Be warned, you may get messy, as this performance has been directed by performance legend Scottee, a well suited collaborative addition to Amy’s style. If you’re a Scottee fan you’ll be able to see his sticky fingered touches scattered throughout the production, to great aplomb.

Amy shone through this performance, her candour was touching, and her comedy was creative. Emotionally, and sometimes physically taking you down a road that showed just how hard it can be to be different. Minimal staging was used to great effect with the addition of a basket full of party supplies, props and a large birthday cake.

I was lucky enough to score a ticket for the penultimate performance in London just before she sped up to Moz homeland Manchester to begin a UK wide tour, details of which can be found on the Unhappy Birthday website

This is the kind of show, that with a good friend or two, and a glass of wine or two will make an ordinary evening into something extraordinary, and definitely something to tell your friends all about. Go and see it.


David Eldridge’s latest offering at the Royal Court offers an insight into a working class family torn with feuds and riffs that date back many a moon brought together by the imminent death of brother/uncle Len. With a strong British cast this ensemble piece was set in the round and explored beautifully the tensions and relationships that occur between families, neighbours and partners. From the daughter who’s trying to loose her working class roots, to the best friend who’s strong morals and working class pride provide a boiling pot for drama.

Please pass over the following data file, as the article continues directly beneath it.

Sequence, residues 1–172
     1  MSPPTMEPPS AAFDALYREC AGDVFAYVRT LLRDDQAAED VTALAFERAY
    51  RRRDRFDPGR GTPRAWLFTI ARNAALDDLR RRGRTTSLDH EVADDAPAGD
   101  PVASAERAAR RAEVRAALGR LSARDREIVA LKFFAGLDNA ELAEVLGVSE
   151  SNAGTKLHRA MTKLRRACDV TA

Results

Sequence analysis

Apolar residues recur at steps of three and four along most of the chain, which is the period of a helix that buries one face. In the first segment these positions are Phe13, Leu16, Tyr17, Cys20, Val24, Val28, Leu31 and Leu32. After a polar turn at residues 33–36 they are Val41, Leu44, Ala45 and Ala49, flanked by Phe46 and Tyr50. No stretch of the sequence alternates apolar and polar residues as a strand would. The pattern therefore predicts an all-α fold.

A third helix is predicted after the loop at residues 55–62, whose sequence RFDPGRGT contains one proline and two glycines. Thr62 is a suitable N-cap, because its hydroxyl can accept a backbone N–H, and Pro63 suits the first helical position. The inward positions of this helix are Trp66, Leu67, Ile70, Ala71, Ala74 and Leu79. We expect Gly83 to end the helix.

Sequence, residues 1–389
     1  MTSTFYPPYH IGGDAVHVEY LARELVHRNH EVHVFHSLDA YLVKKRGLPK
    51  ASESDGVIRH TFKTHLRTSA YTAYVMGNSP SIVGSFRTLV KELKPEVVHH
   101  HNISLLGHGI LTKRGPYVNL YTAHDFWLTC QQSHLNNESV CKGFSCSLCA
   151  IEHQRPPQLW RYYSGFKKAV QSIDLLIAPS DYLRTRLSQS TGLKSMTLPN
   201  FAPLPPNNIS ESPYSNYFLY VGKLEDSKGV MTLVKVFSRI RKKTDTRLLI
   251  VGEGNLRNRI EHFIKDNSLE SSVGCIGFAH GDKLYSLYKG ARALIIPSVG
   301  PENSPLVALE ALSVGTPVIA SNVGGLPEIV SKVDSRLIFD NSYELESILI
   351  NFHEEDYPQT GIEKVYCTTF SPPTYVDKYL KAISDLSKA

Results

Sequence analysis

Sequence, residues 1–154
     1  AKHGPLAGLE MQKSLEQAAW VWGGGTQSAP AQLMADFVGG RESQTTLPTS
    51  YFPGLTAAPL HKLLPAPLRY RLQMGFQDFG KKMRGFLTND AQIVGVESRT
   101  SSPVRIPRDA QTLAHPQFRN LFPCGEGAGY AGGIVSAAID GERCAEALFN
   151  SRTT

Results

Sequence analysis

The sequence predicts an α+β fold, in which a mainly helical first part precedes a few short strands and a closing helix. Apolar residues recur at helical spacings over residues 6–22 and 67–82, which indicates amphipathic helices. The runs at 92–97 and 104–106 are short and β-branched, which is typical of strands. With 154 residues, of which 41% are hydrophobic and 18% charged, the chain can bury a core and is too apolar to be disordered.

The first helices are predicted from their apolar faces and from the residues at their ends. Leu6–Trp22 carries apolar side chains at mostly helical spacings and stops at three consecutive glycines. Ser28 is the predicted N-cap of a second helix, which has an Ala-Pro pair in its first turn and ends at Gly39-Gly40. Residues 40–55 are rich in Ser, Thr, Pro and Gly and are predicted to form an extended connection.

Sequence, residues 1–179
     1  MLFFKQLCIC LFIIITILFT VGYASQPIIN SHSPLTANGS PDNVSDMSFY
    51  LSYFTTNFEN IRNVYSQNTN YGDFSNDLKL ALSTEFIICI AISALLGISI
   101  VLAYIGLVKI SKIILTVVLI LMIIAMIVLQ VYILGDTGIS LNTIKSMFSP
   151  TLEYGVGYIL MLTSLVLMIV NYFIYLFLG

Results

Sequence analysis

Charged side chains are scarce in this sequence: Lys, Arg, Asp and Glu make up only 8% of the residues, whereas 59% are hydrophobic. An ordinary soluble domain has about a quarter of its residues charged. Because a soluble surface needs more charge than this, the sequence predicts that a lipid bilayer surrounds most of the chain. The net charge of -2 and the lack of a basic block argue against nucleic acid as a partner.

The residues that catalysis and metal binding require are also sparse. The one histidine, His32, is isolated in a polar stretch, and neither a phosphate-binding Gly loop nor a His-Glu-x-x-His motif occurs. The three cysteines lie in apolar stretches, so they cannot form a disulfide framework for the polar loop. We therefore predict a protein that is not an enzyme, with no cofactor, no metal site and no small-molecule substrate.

With some razor sharp dry lines, and genuine tender moments the play twists through the highs and lows of a family in mourning with issues yet to unearth, itching to burst forth.

As the play roles on, the thoughts and demons that have bubbled under come to the fore under the strain of death, with an outburst at the generous neighbour, outbursts of love that have been trapped deep within souls for years and the two children of the families trying their best to pull everyone together and to put their differences aside for the sake of family and the deceased.

David Eldridge again proves with this taught, dry sharp script that he is one of the best wrting talents England has to offer. I look forward to his next piece, and the tast makers at Royal Court again prove to have exceptional taste.


Musical theatre is a big love of mine, especially the works of Stephen Sondheim, and I was thrilled to have a second opportunity to go and see his 1979 classic, ‘Sweeney Todd – The Demon Barber of Fleet Street’.

Having finished a widely acclaimed run at the heartily wonderful Chichester Festival Theatre in November, the show transferred, with much the same cast, to the Adelphi, and opened on the 10th of this month to a flurry of 4 and 5 star reviews.